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Virtual desktops getting security boost

Businesses looking for safer virtual desktops can cut the risk of attacks if they run their virtual-machine hypervisors directly on computer hardware, eliminating reliance on separate operating systems that can be vulnerable to attack.

Most recently Citrix is teaming up with Intel to optimize its XenDesktop software for desktops and laptops based on Intel Core2 and Centrino 2 processors, with the product scheduled to be available in the second half of this year.

Beyond the security implications, client hypervisors offer the additional management benefits of centralizing content, enforcing access control to desktop images, updating and patching desktops and supporting multiple virtual machines on a single device while keeping them isolated from each other.

The Citrix offering will run directly on the client desktop or laptop as opposed to running on top of a separate operating system that is running on the hardware.

The Citrix client hypervisor is scheduled to be available around the time that VMware releases its client hypervisor. But the difference is that VMware's runs on top of the host machine's operating system, says Mark Bowker, an analyst with Enterprise Strategy Group.

In addition to teaming with Intel, Citrix is working with Dell with the goals of certifying that the hardware and software work together and of delivering the hypervisors on Dell desktops and notebooks that are powered by Intel vPro chips, says Juan Vega, a Dell senior product marketing strategist.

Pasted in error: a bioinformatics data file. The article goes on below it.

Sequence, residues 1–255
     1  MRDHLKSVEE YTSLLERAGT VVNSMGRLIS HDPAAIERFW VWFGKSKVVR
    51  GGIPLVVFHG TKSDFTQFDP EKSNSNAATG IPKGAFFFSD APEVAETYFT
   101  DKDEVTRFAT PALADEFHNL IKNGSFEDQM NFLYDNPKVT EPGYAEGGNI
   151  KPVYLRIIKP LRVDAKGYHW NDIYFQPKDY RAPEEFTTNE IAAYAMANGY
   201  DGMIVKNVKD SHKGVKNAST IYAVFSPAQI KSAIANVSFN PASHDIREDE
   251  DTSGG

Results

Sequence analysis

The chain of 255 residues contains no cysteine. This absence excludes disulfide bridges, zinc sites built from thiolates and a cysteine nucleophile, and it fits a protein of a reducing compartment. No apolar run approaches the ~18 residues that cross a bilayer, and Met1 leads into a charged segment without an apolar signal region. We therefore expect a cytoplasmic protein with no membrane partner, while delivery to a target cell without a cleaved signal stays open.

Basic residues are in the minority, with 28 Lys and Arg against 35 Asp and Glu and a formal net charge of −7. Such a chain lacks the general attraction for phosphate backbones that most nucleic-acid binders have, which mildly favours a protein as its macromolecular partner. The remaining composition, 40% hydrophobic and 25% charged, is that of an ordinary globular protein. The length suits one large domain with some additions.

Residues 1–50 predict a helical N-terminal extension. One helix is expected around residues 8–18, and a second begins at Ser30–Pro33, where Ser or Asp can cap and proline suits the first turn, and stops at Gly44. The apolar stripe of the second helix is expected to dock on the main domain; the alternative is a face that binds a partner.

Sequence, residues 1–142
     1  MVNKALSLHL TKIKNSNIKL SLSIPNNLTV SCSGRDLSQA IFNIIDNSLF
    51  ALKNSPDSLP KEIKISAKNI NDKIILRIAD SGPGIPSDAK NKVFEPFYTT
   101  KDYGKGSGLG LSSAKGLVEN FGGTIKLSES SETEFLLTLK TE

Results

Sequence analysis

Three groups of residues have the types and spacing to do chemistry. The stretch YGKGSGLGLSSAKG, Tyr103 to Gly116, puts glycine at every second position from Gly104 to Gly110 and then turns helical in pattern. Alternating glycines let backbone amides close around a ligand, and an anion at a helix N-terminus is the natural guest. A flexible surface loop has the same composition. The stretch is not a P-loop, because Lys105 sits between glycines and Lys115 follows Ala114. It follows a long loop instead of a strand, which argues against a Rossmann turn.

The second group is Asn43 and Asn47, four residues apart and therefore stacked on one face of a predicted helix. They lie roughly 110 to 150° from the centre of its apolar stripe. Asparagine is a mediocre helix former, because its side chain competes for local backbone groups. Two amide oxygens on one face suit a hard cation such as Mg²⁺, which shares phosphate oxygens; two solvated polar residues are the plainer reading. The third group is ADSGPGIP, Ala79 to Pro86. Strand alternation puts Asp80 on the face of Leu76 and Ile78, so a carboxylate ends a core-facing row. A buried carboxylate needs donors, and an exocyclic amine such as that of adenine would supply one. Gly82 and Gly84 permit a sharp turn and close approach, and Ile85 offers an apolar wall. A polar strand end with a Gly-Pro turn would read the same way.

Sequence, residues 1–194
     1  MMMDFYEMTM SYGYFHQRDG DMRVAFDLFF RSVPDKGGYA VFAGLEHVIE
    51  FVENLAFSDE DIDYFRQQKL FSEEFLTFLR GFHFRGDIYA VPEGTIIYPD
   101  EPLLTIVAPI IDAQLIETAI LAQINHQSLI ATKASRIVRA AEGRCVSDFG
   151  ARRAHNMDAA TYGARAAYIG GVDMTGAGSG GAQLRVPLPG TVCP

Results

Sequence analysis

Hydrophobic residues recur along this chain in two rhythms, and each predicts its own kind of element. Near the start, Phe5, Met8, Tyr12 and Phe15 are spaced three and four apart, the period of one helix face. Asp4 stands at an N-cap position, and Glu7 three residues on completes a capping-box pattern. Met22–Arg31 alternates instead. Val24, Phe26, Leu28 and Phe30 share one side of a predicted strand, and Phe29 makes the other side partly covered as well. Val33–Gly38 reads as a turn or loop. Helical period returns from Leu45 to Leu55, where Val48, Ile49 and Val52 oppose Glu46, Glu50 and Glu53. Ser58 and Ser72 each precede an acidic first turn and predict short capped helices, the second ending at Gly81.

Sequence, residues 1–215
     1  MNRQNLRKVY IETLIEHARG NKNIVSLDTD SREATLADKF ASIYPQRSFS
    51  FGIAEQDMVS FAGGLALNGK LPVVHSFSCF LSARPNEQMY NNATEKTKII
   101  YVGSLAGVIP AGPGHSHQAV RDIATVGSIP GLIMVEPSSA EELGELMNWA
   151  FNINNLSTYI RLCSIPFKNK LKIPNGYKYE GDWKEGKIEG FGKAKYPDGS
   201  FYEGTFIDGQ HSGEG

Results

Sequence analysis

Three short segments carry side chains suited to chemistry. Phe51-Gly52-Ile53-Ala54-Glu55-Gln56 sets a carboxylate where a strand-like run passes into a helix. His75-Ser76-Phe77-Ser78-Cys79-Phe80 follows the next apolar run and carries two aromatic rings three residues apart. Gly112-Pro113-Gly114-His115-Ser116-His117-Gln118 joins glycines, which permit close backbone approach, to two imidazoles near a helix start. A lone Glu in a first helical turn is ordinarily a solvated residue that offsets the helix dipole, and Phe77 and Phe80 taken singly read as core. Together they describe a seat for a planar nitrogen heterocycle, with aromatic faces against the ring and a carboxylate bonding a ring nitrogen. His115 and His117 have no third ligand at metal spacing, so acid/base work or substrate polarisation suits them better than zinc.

Dell hasn't decided yet whether the hypervisor will ship standard with the devices or be sold separately, Vega says.

Management benefits of having a hypervisor running on client machines include keeping desktop images centrally stored and encapsulated as virtual machines. As such, their security settings can be altered — patches applied, security settings updated — once on a server, then deployed or synched to remote machines.

The virtual desktop model employing a hypervisor differs from the model where the laptop or desktop has a thin client that receives images of the desktop from a server shared by other virtual desktops. Because machines with their own client hypervisors have dedicated computing power, they can deliver better application performance and graphics, Citrix claims.

Citrix says its client hypervisor will support multiple isolated virtual desktops per machine, making it possible to deploy a corporate virtual machine on a device that has a VM containing personal data and applications without risk of one corrupting the other.

Because these virtual machines are encapsulated, they can be readily encrypted, Bowker says, making them more secure if the machines being used are mobile or not managed by the corporation.

The security boost that comes from removing the operating system from between the hardware and the hypervisor doesn't necessarily eliminate attacks, according to a competitor of Citrix.

In the absence of an operating system to attack, malicious parties can attack the hypervisor itself, says Dave Kleidemacher, CTO of Integrity Global Services, which sells a client hypervisor with the highest U.S. government security rating known as EAL 6+. It's the only one on the nmarket, Integrity claims.

The highest rating possible for hypervisors not designed specifically with EAL6+ criteria in mind is EAL 4, he says. “The bar is so much lower,” he says. The higher rating is awarded to software that can withstand persistent attacks from knowledgeable, well funded adversaries, he says

In the real world, there have been no successful hypervisor exploits, although security researcher Joanna Rutkowska described last year at the Black Hat security conference ways to subvert the Xen server hypervisor with rootkits.

“It's more theoretical,” says Natalie Lambert, an analyst with Forrester Research who says she has not heard from customers about their hypervisors being exploited. “Security folks use it as a stop mechanism to not let virtualization projects move forward.”

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